Many contributors to military ethics from diverse locations and philosophical perspectives maintain that virtues are central to martial theory and practice. Yet several contemporary philosophers and psychologists have recently challenged the empirical adequacy of this perspective. Their challenge is known as the situationist critique, a version of which asserts that: situational features rather than character traits such as virtues cause and explain human behavior, and ethical theories and development programs are empirically inadequate to the extent that they incorporate virtues. In (...) this paper, I assess the merit of this critique and consider some implications of my assessment for military practitioners and theorists. (shrink)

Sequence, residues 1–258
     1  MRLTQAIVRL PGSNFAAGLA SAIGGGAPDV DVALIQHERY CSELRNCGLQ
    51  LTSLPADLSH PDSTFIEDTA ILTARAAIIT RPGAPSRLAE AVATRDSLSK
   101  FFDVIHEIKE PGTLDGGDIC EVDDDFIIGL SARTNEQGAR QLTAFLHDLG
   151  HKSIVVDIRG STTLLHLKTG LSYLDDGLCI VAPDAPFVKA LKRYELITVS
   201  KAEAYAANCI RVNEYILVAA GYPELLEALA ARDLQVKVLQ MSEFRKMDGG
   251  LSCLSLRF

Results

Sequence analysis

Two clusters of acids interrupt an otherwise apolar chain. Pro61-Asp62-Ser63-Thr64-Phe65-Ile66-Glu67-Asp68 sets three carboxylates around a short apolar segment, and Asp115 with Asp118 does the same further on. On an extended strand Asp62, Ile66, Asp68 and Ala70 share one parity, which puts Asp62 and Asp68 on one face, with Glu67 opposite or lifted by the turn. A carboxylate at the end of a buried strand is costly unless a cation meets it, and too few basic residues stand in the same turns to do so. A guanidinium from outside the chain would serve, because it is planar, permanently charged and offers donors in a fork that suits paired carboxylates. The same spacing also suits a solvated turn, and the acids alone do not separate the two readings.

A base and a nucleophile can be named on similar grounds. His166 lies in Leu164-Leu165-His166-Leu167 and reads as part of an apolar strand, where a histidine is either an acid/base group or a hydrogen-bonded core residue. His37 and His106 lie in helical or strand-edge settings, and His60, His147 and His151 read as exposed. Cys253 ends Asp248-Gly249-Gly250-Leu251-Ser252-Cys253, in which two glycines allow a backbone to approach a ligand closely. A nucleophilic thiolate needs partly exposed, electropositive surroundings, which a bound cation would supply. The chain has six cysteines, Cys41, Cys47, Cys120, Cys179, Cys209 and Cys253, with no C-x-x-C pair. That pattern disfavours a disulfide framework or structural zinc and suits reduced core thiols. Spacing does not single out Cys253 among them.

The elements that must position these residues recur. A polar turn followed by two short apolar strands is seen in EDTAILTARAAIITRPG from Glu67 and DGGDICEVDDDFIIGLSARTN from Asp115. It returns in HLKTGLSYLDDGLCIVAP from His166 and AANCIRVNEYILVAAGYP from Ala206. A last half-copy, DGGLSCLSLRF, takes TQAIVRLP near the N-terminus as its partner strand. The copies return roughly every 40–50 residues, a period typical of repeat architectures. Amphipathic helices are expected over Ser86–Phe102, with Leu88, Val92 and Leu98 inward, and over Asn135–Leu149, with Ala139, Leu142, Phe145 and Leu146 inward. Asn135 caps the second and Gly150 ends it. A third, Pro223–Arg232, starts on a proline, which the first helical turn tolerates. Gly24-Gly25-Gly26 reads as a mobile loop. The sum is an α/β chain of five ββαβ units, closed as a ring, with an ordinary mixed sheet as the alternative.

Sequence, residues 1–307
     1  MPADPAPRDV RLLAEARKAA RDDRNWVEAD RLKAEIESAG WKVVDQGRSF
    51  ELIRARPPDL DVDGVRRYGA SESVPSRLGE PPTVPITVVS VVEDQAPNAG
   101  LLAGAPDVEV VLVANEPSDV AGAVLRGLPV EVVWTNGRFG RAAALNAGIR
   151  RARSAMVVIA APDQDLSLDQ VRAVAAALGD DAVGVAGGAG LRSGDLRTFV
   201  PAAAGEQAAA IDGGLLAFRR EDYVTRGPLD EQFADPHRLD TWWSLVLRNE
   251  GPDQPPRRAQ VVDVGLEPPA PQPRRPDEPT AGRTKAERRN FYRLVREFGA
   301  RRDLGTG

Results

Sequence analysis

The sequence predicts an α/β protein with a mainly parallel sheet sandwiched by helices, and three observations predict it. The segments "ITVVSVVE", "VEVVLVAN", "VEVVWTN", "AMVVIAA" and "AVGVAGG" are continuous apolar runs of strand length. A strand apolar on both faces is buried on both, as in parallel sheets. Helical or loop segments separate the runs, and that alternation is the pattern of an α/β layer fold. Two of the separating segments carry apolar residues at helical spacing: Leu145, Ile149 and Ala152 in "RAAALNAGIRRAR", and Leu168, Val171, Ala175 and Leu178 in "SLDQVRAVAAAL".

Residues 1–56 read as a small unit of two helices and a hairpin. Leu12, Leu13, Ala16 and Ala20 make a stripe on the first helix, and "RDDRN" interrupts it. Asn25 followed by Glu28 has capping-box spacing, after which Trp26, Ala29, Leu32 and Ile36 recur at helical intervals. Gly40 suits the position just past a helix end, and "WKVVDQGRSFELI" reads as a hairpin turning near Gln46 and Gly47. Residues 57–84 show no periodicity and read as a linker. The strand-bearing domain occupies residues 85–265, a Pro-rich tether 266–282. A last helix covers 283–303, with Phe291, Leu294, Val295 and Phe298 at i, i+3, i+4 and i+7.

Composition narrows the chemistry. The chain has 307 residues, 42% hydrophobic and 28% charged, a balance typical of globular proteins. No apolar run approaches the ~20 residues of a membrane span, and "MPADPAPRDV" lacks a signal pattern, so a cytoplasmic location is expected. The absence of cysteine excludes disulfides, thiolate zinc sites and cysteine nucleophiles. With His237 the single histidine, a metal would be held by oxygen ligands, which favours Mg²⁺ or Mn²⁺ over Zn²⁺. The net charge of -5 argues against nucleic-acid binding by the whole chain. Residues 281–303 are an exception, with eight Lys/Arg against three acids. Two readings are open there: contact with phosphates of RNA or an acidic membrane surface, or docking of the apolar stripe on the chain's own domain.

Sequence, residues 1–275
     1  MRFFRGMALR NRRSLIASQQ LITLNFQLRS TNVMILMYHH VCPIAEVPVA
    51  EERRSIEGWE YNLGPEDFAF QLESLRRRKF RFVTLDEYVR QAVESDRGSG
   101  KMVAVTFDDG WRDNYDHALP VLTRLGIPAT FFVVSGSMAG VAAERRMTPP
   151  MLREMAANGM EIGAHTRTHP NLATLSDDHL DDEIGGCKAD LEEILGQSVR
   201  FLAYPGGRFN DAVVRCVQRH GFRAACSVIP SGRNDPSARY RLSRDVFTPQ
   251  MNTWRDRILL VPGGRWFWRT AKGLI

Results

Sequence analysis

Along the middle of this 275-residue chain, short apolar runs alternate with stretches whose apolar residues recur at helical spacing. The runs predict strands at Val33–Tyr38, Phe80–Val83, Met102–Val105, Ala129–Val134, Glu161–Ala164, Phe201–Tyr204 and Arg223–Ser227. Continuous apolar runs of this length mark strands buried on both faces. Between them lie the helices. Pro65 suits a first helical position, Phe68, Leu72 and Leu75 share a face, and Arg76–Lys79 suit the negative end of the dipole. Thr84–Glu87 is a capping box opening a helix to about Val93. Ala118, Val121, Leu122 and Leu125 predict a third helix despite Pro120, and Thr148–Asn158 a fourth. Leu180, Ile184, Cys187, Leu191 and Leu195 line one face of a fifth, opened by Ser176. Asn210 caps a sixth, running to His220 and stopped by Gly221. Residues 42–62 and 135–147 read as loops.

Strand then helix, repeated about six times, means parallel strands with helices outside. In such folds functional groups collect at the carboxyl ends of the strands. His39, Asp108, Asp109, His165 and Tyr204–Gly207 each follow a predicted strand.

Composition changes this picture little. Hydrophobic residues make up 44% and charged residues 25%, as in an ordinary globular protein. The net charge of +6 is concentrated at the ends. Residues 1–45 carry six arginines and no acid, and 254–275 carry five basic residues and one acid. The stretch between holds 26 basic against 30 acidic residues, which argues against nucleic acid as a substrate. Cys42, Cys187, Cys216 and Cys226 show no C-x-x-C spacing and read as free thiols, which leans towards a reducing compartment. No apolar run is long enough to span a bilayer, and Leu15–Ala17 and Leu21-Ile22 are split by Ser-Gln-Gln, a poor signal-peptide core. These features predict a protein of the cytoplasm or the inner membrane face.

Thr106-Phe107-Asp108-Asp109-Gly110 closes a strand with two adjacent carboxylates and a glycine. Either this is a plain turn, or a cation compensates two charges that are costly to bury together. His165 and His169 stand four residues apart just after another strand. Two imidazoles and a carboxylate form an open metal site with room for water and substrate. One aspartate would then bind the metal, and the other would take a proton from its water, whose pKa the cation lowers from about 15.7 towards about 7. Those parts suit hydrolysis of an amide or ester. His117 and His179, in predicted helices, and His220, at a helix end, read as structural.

In her influential essay ‘Virtues and Vices,’ Philippa Foot argues that virtues are essentially corrective, moderating between two vicious extremes. She also contends that Aquinas champions this view, too. In contrast, I argue that Foot misreads Aquinas; that Aquinas's actual theory of virtue is incompatible with the corrective theory Foot defends; and that those who endorse Aquinas's Augustinian theology should side with his perfective theory of virtue rather than Foot's corrective one.